Sunday, November 16, 2014
Today we’ll have a short, but sweet update as I’m still working on the voluminous amount of material in the Toledo Lucas Library collection. Plus, I did promise you guys and gals an update. The LA Times is a pretty respected newspaper and has been since 1881 accumulating a grand total of 41 Pulitzer prizes. So in all that time its not at all surprising that a photo of a jeep or three has raced its pages and have been seen through the eyes of its photojournalists. Through the power of the internet, these images and thousands more are available through the LA Times’ photography blog, Framework, which is described as....
“Framework, the photography and video blog of the Los Angeles Times, celebrates the power and explores the craft of visual storytelling. The blog highlights the work of Times photojournalists who frame by frame, document the drama, the emotion and sometimes the humor of life. Framework also aims to serve as a resource hub for photography, multimedia and video enthusiasts who share our passion.”
Today, we have five of those images. The first are a series of desert training photos with Major General Patton in the desert of California in April 1942. In them you can see MBs as well as many left over Ford GPs and Willys MAs that were widely used stateside during the war. The next photo, which features a script tub Willys MB, is from a sad chapter in America’s history- the internment of Japanese- Americans in 1942. Finally, a 1948photo of a CJ2-A that was being used to spray DDT in Santa Monica as part of an insect control program. Enjoy these and click here to see the entire album of photos and come back in two weeks when I hope to have a fuller update of the Images In Time collection. I won’t be in town next week so unfortunately I won’t be able to get to it then. In the meanwhile try to stay warm out there!
Sunday, November 2, 2014
Hi guys and welcome back to another installment of the wonderful treasure trove of images that can be found at (and are obviously the sole property of...) the Toledo-Lucas County Library collection, Images In Time. Its a collection of historical photographs of the Toledo and northwest Ohio areas. Naturally containing images from Toledo it also contains a great many of the historical past of Willys-Overland and the jeep. The images that I’m presenting today are solely of Willys offering to the Quartermaster’s call for a quarter ton vehicle. The Willys MA was the first standardized pre-production model that was offered up for testing right after their first prototype, the Willys Quad.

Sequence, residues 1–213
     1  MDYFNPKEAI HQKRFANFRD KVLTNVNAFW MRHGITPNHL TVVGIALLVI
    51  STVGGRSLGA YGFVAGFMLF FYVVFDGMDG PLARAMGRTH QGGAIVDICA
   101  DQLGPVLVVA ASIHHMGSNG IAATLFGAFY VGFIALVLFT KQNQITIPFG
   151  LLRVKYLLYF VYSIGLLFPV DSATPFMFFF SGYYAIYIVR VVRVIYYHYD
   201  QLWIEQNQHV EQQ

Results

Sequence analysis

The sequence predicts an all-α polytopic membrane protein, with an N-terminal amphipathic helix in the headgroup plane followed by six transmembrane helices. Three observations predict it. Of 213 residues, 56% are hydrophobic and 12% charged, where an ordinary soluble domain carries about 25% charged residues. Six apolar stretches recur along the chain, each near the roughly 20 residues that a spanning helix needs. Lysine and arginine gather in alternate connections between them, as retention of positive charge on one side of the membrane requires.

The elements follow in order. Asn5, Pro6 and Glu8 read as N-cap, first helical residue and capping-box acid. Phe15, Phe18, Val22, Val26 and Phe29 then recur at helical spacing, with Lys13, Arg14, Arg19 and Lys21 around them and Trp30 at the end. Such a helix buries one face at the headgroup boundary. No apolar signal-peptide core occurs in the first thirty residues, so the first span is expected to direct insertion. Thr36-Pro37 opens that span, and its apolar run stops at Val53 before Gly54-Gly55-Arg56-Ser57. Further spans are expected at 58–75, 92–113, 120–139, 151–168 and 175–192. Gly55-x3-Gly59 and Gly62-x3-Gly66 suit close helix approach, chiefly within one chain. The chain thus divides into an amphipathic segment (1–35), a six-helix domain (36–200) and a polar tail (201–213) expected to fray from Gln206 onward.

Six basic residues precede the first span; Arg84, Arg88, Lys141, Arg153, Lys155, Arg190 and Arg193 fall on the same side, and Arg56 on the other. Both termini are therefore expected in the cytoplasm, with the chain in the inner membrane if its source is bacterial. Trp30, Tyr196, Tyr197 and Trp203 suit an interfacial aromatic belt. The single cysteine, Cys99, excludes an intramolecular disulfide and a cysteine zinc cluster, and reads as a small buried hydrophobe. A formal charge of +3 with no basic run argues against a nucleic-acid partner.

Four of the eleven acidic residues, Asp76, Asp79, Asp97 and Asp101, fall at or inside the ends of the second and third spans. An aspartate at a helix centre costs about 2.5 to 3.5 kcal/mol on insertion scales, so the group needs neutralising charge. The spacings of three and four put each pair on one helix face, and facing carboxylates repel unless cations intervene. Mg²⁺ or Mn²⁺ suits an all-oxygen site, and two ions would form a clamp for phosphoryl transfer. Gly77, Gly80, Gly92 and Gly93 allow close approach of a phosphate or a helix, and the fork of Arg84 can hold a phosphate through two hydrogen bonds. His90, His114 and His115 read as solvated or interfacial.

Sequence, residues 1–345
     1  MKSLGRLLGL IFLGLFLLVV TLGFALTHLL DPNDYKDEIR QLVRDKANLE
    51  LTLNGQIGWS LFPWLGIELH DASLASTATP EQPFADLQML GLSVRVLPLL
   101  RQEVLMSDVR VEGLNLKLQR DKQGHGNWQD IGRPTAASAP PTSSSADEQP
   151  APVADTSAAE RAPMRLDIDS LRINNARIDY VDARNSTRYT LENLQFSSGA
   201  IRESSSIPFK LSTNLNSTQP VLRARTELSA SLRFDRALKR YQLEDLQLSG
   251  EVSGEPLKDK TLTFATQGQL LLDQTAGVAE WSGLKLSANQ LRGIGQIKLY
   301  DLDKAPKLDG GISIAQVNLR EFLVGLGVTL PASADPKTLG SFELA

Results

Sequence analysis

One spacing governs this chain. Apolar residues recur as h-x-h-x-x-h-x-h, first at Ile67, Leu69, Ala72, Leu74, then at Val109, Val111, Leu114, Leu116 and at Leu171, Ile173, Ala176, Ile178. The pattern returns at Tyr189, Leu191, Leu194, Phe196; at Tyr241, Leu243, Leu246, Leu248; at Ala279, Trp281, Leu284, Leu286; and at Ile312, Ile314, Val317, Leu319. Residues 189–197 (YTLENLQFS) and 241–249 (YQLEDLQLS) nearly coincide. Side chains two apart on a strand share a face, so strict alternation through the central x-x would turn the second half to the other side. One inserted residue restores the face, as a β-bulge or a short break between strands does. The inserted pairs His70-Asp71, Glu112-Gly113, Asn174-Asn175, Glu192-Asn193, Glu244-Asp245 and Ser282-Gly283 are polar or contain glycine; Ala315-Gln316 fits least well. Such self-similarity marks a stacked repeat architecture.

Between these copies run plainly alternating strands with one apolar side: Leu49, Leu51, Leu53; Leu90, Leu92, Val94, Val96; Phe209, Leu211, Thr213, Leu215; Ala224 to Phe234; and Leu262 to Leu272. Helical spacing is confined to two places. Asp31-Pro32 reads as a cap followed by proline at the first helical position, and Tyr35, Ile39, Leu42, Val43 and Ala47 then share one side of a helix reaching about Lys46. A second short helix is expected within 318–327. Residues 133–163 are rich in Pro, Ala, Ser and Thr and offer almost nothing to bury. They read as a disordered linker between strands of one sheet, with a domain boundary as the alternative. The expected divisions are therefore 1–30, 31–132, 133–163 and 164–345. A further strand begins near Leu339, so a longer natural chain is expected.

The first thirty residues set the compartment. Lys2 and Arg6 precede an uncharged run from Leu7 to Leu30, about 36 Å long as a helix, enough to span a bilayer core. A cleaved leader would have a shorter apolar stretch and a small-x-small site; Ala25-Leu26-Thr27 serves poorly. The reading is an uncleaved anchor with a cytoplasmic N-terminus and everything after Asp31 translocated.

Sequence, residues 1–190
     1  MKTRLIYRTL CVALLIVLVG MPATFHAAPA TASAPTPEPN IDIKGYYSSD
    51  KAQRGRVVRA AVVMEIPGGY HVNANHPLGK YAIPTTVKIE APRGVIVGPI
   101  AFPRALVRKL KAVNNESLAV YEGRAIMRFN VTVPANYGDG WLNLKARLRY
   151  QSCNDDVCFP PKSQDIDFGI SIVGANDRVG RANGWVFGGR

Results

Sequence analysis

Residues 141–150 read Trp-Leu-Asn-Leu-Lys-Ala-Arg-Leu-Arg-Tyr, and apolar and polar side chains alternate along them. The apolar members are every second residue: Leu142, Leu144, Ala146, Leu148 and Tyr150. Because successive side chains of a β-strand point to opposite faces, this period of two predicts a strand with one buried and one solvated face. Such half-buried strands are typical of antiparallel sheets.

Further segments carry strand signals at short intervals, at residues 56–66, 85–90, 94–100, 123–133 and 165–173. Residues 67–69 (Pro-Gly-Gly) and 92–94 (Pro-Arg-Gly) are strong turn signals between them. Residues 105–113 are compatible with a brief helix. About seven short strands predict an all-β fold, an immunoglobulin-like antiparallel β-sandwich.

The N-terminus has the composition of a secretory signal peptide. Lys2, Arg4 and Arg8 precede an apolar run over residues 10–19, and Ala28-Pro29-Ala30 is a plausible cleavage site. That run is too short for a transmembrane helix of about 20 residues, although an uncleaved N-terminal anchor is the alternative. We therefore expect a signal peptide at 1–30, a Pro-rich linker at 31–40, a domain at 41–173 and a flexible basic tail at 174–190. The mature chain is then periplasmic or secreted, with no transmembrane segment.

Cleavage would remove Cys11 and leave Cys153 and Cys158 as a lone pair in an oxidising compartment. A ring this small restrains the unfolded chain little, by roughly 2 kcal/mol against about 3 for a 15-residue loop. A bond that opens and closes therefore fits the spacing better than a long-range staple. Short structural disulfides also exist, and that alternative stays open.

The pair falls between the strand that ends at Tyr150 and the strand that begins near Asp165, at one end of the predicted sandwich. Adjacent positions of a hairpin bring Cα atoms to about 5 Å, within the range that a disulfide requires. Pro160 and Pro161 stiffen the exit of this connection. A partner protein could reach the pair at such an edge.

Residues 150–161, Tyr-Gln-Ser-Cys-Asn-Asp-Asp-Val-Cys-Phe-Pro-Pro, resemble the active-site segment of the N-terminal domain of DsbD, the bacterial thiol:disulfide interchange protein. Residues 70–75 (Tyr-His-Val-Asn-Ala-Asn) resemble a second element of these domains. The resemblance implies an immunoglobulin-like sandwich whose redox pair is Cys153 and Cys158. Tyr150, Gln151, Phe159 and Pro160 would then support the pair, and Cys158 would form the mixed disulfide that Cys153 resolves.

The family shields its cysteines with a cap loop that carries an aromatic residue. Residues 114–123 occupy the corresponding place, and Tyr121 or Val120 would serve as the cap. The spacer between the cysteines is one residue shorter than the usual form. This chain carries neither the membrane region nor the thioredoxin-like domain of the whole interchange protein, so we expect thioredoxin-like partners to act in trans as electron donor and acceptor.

The photos here were shot by a fellow named Milton Zink. I’ve tried to find anything on his photographic and life history, but have only come up with a few leads and dead ends at that. I’m fairly certain that this Google Sites webpage details Milton Zink’s ancestry. His ancestors emigrated to this country from southwestern Germany in the early 19th century. Settling at first in western New York they bought land and farmed near the Erie Canal. Later they moved westward as far as Michigan leaving many descendants along the way. In 1933 a book was published detailing the Zink family history. It was coordinated by a Milton Zink of Toledo, Ohio through a series of questionnaires that he sent out to the widespread Zink relatives.
Besides the numerable attributions to the “Zink Negative Collection” from the Images in Time collection, I’ve found quite a few other random mentions of Milton Zink or the Zink Photography Studio as being the creators of photographs of various Toledo area architectural landmarks. Derek Redmond of the CJ3B Pagementions him only as “Willys photographer Milton Zink.” If you have any further info, please email me email@example.com. I’d love to find out more and let you know about him. Photography is a side interest of me and well, Zink was fairly involved in recording alot of the jeep’s early history.
Most of these photos are only credited as “circa 1940” and sometimes with a question mark, but I’d imagine that they were shot sometime around late 1940, early ’41. The first MA’s out of the 1,553 built were delivered in June 1941 for further testing alongside the Ford GP and the Bantam BRC-40. Of course many of these 4,500 or so pre-production models were used on military bases well after these early years, but I’d hazard a guess that Willys shot the majority of the photos I bring to you today in that summer of 1941 for publicity shots or documentation. Most of the photos were according to the TLC Library are credited as “A photo of a Jeep being maneuvered in the Ottawa River near the Bancroft Street Bridge in Toledo, Ohio, as part of a demonstration.” Whoever the test driver was they certainly wanted to show off the versatility and water fording abilities of the Willys jeep. I just hope that they drained all of the oils in the diffs, transmission and transfer case afterwards! The two factory floor images are interesting as well. They show the MA rolling off the assembly line floor alongside the Willys Americar that was produced from 1937-42. They are dated 1942 as is the neat photo of the ice skater jumping the MA on an ice rink. It looks like a close call.